Many people call Wharton Esherick the father of the studio furniture movement. He was know for his saying, "if it's not fun, then it's not worth doing." He grew up in Philadelphia at the turn of the century and trained as a painter. It wasn't until he started making and carving frames for his two dimensional work that he made the transition to wood carving, in his late thirties. "Esherick eventually managed to support his family with his furniture workshop; he bartered oak and leather chairs for school tuitions and persuaded businesses to commission entire interiors."New York Times article by Eve Kahn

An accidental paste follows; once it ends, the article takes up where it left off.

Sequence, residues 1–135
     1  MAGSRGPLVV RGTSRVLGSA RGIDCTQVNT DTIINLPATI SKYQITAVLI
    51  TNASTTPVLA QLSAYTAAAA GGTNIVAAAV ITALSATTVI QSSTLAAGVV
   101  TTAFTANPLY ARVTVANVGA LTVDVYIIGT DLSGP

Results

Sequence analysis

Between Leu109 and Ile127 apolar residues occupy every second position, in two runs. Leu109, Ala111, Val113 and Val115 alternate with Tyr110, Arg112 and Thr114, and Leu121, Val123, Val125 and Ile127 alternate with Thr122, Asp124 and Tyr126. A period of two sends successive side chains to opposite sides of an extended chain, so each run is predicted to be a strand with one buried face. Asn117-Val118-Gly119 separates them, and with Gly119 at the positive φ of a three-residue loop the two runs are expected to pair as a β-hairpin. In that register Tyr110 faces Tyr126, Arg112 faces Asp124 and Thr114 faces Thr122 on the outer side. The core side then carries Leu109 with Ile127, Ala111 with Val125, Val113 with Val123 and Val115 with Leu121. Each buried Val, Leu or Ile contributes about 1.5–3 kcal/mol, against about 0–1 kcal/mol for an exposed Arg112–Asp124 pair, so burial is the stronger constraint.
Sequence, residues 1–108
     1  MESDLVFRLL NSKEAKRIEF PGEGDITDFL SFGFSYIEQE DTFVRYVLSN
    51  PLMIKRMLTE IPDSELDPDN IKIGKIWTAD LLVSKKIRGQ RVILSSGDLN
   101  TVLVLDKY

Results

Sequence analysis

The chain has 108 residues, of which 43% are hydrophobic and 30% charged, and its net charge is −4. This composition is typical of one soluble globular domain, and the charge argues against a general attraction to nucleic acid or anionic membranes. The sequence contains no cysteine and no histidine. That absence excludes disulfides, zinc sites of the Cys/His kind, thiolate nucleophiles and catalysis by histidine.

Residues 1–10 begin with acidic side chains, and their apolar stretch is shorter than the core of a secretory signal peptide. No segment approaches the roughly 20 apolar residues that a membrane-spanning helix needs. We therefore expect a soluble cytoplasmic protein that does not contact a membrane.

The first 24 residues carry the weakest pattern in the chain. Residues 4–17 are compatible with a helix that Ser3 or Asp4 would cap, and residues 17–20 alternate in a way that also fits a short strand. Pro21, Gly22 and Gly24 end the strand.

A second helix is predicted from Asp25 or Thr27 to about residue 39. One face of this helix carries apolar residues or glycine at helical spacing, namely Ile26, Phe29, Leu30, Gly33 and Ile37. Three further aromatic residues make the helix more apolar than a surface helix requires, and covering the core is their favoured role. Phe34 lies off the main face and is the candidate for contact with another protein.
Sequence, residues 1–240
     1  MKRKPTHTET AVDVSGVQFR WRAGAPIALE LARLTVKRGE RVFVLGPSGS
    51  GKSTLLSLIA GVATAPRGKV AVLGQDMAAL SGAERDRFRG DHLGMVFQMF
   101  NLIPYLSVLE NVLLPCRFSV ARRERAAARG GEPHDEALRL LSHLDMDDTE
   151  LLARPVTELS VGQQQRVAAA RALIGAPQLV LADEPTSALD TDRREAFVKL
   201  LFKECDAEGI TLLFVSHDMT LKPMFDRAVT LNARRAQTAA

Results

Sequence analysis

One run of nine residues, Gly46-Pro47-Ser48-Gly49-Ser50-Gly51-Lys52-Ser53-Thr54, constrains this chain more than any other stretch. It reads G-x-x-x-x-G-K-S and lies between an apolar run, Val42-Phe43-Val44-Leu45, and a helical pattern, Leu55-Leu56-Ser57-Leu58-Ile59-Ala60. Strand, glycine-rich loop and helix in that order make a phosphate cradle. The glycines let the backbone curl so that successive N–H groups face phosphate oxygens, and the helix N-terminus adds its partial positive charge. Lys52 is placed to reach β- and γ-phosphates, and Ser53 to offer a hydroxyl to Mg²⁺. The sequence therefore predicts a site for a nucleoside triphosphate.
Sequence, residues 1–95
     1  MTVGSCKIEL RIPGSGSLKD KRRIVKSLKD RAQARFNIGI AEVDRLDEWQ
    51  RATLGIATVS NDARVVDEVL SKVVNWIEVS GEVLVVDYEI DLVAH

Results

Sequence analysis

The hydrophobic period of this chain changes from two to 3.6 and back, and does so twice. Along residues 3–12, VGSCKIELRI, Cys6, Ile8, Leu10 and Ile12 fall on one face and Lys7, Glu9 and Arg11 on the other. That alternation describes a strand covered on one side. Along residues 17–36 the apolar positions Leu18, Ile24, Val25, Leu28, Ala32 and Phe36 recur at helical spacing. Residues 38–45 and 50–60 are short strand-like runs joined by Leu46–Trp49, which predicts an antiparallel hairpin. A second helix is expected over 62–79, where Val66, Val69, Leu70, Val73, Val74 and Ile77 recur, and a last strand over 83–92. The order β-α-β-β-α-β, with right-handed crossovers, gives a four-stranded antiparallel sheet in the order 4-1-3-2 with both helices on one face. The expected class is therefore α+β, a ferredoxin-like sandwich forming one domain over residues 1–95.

"much of his career was spent in relative isolation; a lone artisan pursuing his own vision of high-art craftsmanship during a period when hand craftsmanship was generally held in low regard by American culture. Ultimately, Esherick's work helped lead to the renaissance of the 1960s that re-established hand craftsmanship as the popular and highly-valued activity it is today."(Hoag Levins)
His house and studio are now the Wharton Esherick museum and a national historic landmark.